Another trip to Joffre Lakes

Back in June 2014, I did another trip to Joffre Lakes Provincial Park. The first trip was great fun and some of my best photos, and  I hadn’t been for a few years so why not.

For those of you looking for details and maps, here they are:

Now for the updates. Since I last went, the trail work has mostly been completed. The lower boulder hopping is now a smooth path. There is still a steep ascent through the trees requiring careful footwork. I had a broken radius and was in a cast at the time so gripping was tricky. As you get just past Middle Lake, you might find fallen trees that you need to duck under. The upper section has been rerouted East (to your left if ascending) and now there is a stairway and bridge as opposed to another boulder field. The approach to the campsite is still along a rocky shoreline and the outhouse door was broken when we were there.

Camp set up (quieter in June so no issues finding a spot) and dinner eaten. Jesse (dog who was with us) unearthed “human leavings” under a stone right by the campsite. If you’re thinking of doing this, please don’t. Walk to the outhouse like a civilized human-being.

This time, instead of doing Tzsil (snow was still too low), we headed for a lookout near the Glacier (see the map above). This was steep and you had to be careful of your footing and of falling rocks. However, seeing all three lakes at once was spectacular.

Now, onto food. We had decided to hike up a light frying pan, cutting board, spatula, tongs and the following:

Breakfast

That made pancakes and scrambled eggs for breakfasts!

Dinner

  • Onions
  • Peppers
  • Potatoes
  • Spices (Taco spice mix worked well)
  • Chorizo
  • Carrots
  • Courgette/Zucchini
  • Beansprouts
  • Noodles
  • Stock

That made an enormous amount of stirfry and soup (a very excellent soup Louis I must say). We were absolutely full and kind of happy not to eat dehydrated for a change.

I’ll be doing another, beginner focused, hike up there soon!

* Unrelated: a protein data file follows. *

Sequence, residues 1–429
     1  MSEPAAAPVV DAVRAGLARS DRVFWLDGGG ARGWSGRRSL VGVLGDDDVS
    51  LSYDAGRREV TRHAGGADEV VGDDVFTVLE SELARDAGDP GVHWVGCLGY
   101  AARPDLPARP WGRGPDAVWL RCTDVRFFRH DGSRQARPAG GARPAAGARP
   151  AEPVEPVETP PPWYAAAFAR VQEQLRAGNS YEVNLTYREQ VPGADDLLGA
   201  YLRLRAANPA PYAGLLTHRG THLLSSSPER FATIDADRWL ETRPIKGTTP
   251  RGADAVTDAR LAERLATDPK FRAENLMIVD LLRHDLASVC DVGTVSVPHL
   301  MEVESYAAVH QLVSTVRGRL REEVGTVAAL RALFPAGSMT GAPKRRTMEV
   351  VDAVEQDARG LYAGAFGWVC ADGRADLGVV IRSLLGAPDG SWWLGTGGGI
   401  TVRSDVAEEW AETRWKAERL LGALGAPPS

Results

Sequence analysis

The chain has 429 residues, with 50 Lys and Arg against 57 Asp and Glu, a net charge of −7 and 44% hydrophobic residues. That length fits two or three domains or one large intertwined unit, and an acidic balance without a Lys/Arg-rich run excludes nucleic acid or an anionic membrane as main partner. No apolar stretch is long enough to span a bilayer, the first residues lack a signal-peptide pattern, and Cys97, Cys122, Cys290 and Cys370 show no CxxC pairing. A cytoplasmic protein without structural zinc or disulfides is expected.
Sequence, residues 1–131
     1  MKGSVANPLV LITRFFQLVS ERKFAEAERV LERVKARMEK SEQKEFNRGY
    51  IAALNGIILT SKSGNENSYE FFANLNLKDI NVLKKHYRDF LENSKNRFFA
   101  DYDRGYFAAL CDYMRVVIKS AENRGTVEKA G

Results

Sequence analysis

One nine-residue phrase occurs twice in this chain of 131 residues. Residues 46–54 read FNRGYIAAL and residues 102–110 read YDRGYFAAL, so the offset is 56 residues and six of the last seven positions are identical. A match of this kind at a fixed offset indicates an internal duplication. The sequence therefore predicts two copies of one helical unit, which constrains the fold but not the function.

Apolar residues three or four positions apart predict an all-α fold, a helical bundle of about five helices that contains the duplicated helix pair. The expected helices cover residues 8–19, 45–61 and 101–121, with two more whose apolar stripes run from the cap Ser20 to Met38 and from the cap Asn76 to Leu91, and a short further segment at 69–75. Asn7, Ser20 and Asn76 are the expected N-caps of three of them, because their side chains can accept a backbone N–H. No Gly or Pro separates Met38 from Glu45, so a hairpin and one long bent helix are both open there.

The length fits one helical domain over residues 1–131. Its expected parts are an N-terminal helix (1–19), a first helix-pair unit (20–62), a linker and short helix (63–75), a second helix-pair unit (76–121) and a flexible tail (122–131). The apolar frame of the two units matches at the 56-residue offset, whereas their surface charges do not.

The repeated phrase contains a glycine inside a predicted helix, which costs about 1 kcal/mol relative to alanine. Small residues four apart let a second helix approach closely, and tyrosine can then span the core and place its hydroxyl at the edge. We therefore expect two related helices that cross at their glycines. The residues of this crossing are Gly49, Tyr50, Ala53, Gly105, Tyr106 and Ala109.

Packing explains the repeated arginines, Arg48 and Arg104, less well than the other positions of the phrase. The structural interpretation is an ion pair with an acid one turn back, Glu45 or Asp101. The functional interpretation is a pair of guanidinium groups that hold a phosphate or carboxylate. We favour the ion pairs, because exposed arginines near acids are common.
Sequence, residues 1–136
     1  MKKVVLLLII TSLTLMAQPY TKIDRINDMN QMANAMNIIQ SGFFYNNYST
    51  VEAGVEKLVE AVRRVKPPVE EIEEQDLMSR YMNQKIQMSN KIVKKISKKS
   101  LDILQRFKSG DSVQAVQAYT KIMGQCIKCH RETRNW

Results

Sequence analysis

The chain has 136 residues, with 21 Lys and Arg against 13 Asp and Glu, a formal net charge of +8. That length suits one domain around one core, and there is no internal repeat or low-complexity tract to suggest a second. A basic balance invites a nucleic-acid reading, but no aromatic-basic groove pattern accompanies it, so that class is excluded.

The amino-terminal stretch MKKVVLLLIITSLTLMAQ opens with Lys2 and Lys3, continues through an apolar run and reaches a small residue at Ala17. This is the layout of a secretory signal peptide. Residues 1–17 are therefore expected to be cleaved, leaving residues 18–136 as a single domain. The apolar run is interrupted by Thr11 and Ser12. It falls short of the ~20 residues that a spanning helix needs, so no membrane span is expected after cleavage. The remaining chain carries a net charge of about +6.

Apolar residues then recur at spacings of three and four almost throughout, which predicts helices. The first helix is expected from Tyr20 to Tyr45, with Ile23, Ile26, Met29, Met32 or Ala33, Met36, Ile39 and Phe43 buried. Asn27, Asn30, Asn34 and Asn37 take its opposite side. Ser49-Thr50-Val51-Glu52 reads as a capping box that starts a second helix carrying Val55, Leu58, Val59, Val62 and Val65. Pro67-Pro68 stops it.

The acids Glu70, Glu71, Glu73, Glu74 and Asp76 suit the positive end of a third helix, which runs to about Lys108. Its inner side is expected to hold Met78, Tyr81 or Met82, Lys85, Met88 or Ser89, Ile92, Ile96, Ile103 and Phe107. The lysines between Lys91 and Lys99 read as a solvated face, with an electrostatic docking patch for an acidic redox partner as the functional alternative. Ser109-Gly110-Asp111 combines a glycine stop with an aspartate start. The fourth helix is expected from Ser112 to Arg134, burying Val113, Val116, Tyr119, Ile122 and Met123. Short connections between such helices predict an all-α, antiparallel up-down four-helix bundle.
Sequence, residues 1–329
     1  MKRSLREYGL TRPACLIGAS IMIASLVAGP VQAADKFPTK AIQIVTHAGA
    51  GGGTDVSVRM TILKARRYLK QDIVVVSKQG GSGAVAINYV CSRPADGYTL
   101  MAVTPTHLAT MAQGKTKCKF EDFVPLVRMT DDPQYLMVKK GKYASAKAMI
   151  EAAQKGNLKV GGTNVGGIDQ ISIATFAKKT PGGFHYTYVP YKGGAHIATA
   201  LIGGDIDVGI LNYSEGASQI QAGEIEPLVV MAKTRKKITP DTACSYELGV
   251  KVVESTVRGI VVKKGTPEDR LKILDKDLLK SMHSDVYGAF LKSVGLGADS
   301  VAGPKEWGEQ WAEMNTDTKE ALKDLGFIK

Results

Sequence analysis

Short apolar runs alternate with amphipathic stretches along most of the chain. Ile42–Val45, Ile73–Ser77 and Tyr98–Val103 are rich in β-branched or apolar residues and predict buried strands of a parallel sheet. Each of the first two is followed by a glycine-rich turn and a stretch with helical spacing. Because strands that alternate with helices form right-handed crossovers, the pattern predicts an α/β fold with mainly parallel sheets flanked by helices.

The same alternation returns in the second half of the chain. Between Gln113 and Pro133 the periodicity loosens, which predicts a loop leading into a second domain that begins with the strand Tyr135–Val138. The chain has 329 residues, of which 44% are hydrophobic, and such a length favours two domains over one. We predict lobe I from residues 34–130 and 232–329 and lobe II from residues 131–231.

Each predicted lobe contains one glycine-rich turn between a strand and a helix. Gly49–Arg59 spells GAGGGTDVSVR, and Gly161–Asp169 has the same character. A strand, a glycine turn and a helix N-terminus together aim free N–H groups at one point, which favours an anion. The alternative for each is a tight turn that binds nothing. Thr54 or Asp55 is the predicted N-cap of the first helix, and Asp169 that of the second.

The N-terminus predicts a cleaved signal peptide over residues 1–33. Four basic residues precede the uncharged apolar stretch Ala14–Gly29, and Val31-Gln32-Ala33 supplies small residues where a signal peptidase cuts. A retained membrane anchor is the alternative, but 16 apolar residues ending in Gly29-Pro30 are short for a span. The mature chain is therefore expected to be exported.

Chilkoot photos from the Gold Rush

No sooner do I write that introduction post to the Chilkoot Trail than I stumble across photos of it. We were in the rather excellent Chuckanut Brewery last night, having dinner, when we noticed these on the walls behind me.

I’ll be doing the Chilkoot Trail this year!

Last year me and a few friends decided that we wanted to do a hiking holiday and we decided that the Chilkoot Trail looked perfect for this.

The Chilkoot Trail is a National Park and National Historic Site/Landmark both in Canada and the USA, that connects across the border forming the old route of the Klondike Gold Rush which took place between 1896-1899. It’s a 33mi/53km route from Dyea, Alaska (close to Skagway) to Bennett, British Columbia (close to the border with the Yukon). The closest city (and airport where we fly into) is Whitehorse.

Maps of the route from Parks Canada and the United States National Park Service.

The history of this is that the trail is that it was a route that was used by Gold Miners, seeking fortune in the Klondike. They would take heavy packs of equipment and supplies expecting to stay up there a year (for that year, they were recommended to get all this stuff, but I’m not sure how they got all of it there). They would head to Skagway, where where they would start the 53km journey. On the second day, when they saw the 12.7km trip from Sheep Camp to Happy Camp, better known as The Pass… they might eject a lot of that equipment.

Elevation profile showing The Pass highlighted

Elevation profile showing The Pass highlighted

As shown by some of the research (done by Hannah, thanks Hannah) you can still see the items they threw out to lighten the load by the side of the trail route.

It’s a 5 night hike, about 12km each day, undulating. We’re then getting a train service back featuring a carriage to properly seal off all the unshowered hikers from the other tourists.

Will be posting more about it over the next few weeks. We leave at the end of July!